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What is a brain tumor?

A brain tumor occurs when abnormal cells in or near the brain grow into a mass. Brain tumors are relatively rare in children. Pediatric brain tumors can be benign (non-cancerous) or malignant (cancerous). The type of treatment your child will receive depends on the type of tumor, its location, and other factors.

Types of childhood brain tumors

There are many different brain tumor types and classifications based upon the tumor’s cell structure, composition, rate of growth, location, and other characteristics. The name and classification of the tumor may change as your doctor gains information about your child’s brain tumor or if the tumor changes over time.

The types of brain tumors most common in children are not the same as those most common in adults. Childhood brain tumors frequently appear in different locations and behave differently than brain tumors in adults. Types of pediatric brain tumors include:

Choroid plexus brain tumors

Choroid plexus tumors arise in the tissue located in the spaces of the brain called ventricles. This tissue makes cerebrospinal fluid, which surrounds the brain and spinal cord. These rare tumors are seen more often in younger children.

Germ cell tumors of the brain

Germ cell tumors of the brain, including germinoma, develop from germ cells — the cells that later become sperm in the testicles or eggs in the ovaries; during the fetal period, these cells may get “trapped” in the brain.


There are four stages or grades of gliomas, according to how the cells look under a microscope. Ordered from least severe to most severe, they are:

Low-grade gliomas

  • Grade I (pilocytic)
  • Grade II (fibrillary)

High-grade gliomas

Gliomas also can be named according to the type of glial cells involved or the location of the tumor. Glioma diagnoses include:

Neural tumors


Brain Tumors | Symptoms & Causes

What are the symptoms of a brain tumor?

Each child may experience symptoms of a brain tumor differently, and symptoms vary depending on the size and location of the tumor — both in the brain and elsewhere in the central nervous system.

Brain tumors can put pressure on the brain, causing symptoms such as:

  • Headache
  • Vomiting (usually in the morning)
  • Nausea
  • Personality changes
  • Irritability
  • Drowsiness
  • Depression

Symptoms of brain tumors in the cerebellum, including cerebellar pilocytic astrocytoma and medulloblastoma, can include:

  • Vomiting (usually occurs in the morning, without nausea)
  • Headache
  • Uncoordinated muscle movements
  • Problems walking

Brain tumors in the brainstem, such as diffuse midline glioma and tectal glioma, can cause the following symptoms:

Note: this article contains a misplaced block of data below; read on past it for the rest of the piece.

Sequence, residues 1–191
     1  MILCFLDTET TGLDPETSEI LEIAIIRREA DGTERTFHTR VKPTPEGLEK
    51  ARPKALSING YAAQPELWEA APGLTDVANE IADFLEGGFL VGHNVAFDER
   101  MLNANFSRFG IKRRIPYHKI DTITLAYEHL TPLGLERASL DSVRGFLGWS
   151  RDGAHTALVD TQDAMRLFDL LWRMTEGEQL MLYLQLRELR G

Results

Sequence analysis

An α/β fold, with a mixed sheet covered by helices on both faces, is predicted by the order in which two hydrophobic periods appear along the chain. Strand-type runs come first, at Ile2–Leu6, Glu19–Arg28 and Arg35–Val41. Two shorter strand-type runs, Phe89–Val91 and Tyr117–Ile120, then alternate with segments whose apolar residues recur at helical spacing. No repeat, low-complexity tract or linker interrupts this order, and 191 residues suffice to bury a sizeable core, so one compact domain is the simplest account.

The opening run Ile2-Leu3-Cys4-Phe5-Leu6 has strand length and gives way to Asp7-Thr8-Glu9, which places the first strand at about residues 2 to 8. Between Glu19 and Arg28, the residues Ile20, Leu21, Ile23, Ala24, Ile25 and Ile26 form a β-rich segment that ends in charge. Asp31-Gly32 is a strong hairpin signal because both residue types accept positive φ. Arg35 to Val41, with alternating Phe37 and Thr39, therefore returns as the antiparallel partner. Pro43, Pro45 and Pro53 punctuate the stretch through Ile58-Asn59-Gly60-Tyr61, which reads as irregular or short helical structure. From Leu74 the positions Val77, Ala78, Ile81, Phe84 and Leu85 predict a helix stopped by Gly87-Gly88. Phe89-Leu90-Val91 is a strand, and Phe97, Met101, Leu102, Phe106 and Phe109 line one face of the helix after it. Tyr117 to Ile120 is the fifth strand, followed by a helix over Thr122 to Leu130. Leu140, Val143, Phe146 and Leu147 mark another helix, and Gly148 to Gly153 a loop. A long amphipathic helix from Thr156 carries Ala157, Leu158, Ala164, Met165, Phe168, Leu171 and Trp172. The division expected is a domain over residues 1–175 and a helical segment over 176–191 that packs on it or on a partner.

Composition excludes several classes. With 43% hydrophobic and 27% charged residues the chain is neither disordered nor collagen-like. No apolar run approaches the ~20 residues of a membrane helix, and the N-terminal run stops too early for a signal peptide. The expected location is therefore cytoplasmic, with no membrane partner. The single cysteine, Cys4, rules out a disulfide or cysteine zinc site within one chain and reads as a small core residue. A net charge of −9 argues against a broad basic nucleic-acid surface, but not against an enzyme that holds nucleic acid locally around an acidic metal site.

• Vision changes, including double vision
  • Paralysis of nerves and/or muscles of the face or half of the body
  • Respiratory changes
  • Clumsy, uncoordinated walking

Symptoms of brain tumors in the cerebrum, including ganglioglioma, glioblastoma multiforme, and oligodendroglioma, include:

  • Seizures
  • Visual changes
  • Slurred speech
  • Paralysis or weakness on one half of the body or face
  • Personality changes or impaired judgment
  • Short-term memory loss
  • Communication problems

Tumors in the optic pathway (eyes), such as optic nerve glioma, may cause symptoms such as:

  • Visual problems
  • Puberty or growth abnormalities
  • Excessive urination

Symptoms of tumors in the spine (sometimes spreading from a tumor at a higher point on the spinal cord), including meningioma, may include:

  • Bowel or bladder dysfunction
  • Back pain
  • Weakness or loss of sensation in one area of the body, depending on where in the spine the tumor is located

What causes brain tumors?

Brain tumors may develop when brain cells acquire mutations in the DNA that allow the cells to continue living after they would normally expire.

Brain Tumors | Diagnosis & Treatments

How are brain tumors diagnosed?

Diagnostic procedures for brain tumors are used to determine the exact type of tumor a child has and whether the tumor has spread. These may include:

After all tests are completed, doctors will be able to outline the best treatment options.

How are brain tumors treated?

Treatment for brain tumors in children has progressed tremendously in the last decade. These treatments include neurosurgery, radiation therapy, or chemotherapy.

Neurosurgery for brain tumors

Surgery is often the first treatment to remove as much of the tumor as possible and to relieve pressure on the brain. In general, the more of the tumor that is removed, the greater the chance for survival.

Radiation therapy and chemotherapy for brain tumors

Precisely targeted and dosed radiation is used to kill cancer cells left behind after surgery. In tumors that have spread, radiation therapy can be sometimes delivered to the entire brain and spine. Chemotherapy includes drugs that interfere with cancer cells’ ability to grow or reproduce.

How we care for brain tumors

Brain Tumors | Programs & Services